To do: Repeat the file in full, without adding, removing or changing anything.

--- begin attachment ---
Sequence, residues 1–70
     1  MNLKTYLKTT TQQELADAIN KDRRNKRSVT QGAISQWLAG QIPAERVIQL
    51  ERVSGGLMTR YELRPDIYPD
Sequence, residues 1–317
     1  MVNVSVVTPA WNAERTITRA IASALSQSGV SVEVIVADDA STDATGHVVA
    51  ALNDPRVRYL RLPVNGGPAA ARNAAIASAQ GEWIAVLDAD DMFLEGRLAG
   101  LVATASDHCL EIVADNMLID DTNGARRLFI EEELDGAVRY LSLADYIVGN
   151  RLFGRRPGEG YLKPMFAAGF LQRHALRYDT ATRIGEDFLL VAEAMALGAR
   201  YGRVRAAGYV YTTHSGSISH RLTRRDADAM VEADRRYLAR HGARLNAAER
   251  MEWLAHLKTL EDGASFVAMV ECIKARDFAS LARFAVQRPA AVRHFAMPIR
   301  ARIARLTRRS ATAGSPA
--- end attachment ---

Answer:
Sequence, residues 1–70
     1  MNLKTYLKTT TQQELADAIN KDRRNKRSVT QGAISQWLAG QIPAERVIQL
    51  ERVSGGLMTR YELRPDIYPD
Sequence, residues 1–317
     1  MVNVSVVTPA WNAERTITRA IASALSQSGV SVEVIVADDA STDATGHVVA
    51  ALNDPRVRYL RLPVNGGPAA ARNAAIASAQ GEWIAVLDAD DMFLEGRLAG
   101  LVATASDHCL EIVADNMLID DTNGARRLFI EEELDGAVRY LSLADYIVGN
   151  RLFGRRPGEG YLKPMFAAGF LQRHALRYDT ATRIGEDFLL VAEAMALGAR
   201  YGRVRAAGYV YTTHSGSISH RLTRRDADAM VEADRRYLAR HGARLNAAER
   251  MEWLAHLKTL EDGASFVAMV ECIKARDFAS LARFAVQRPA AVRHFAMPIR
   301  ARIARLTRRS ATAGSPA